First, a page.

Pete Matevich is a former American soccer player who earned four caps, scoring two goals, as a member of the U.S. national team in 1949.
Siegfried "Sigi" Stritzl is a former U.S. soccer player who was the 1969 North American Soccer League Rookie of the Year. He also earned eleven caps, scoring two goals, with the U.S. national team between 1968 and 1973. He now holds the name of an award given to exceptional high-school and college students. The award is called the Sigi Stritzl award.
Francis J. “Hun” Ryan was an American soccer midfielder. He earned three caps, scoring one goal, with the U.S. national team between 1928 and 1936. He was also a member of the U.S. teams at the 1928 Summer Olympics, 1936 Summer Olympics and the 1934 FIFA World Cup. Ryan was inducted into the National Soccer Hall of Fame in 1958.
William "Bill" or "Billy" Sheppell is an American former soccer forward who played in both the American Soccer League and German American Soccer League. He earned ten caps with the U.S. national team in 1949 and 1954 and was a member of the 1952 U.S. Olympic Soccer team.
George Nemchik was a former U.S. soccer player. He spent twelve season in the American Soccer League and later won the National Challenge Cup with the amateur Chicago Viking. Nemchik earned three caps, scoring one goal, with the U.S. national team in 1937. He was also a member of the 1936 U.S. Olympic Soccer team.
John "Jack or Jackie" Hynes was a Scottish-born American soccer forward. He spent over twenty years in the American Soccer League, twice earning league MVP recognition. In 1949, he earned four caps with the U.S. national team. In addition to playing professional soccer, Hynes was a New York City fireman from 1947 to 1975 and served in the U.S. Army in World War II. He is a member of the National Soccer Hall of Fame.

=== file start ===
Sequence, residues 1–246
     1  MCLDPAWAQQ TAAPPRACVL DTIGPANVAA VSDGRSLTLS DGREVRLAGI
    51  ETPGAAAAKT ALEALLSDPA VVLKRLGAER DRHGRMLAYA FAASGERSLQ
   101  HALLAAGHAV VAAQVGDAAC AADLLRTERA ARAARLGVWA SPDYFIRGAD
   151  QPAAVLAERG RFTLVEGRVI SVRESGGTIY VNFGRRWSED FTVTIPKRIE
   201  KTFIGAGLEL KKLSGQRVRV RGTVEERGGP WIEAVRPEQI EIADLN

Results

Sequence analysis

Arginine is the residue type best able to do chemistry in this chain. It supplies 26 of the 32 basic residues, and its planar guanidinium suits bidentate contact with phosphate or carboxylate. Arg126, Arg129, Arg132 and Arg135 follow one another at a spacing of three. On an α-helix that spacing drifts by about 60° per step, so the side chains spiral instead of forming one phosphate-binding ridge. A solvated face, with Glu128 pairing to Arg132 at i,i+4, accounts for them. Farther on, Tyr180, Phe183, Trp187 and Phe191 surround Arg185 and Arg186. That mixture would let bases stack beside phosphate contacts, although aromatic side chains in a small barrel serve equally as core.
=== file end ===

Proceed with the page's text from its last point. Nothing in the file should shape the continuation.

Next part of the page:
Zenon Snylyk was a former Ukrainian-American soccer player. He played for numerous ethnic Ukrainian amateur and professional clubs in both the U.S. and Canada over a twenty-year career. He also earned five caps with the U.S. national team between 1957 and 1963 and was a member 1956 U.S. Olympic soccer team.
Philip "Phil" Slone was a U.S. soccer wing half. He spent a single season each in the short lived Eastern Soccer League and Atlantic Coast Conference, then ten years in the American Soccer League. He was a member of the U.S team at the 1930 FIFA World Cup and is a member of the National Soccer Hall of Fame.
Alexander “Alec” Wood Was a former Scottish American soccer defender. Wood began his club career in the United States before moving to England in the early 1930s. He also played all three U.S. games at the 1930 FIFA World Cup. He is a member of the National Soccer Hall of Fame.
Joseph Martinelli was an American soccer forward. Martinelli spent thirteen seasons in the American Soccer League and earned three caps with the U.S. national team in 1937.
Robert "Roy" Milne was a Scottish-American association football defender who earned one cap with the United States men's national soccer team.
Eugene A. "Gene" Olaff was an American soccer goalkeeper. He played in the National Soccer League of New York and the American Soccer League. Olaff also earned one cap with the United States in 1949. Prior to his death, he resided in Florence Township, New Jersey.
Edmund "Eddie" Smith was a Scottish-U.S. soccer forward. He played professionally in both Scotland and the United States. He also earned one cap with the U.S. national team.
Gerrit Visser was a Dutch football (soccer) center forward who played in the Netherlands, the United States, and Canada. He was a member of the Netherlands football team at the 1924 Summer Olympics and earned seven caps, scoring one goal, with the Netherlands national football team.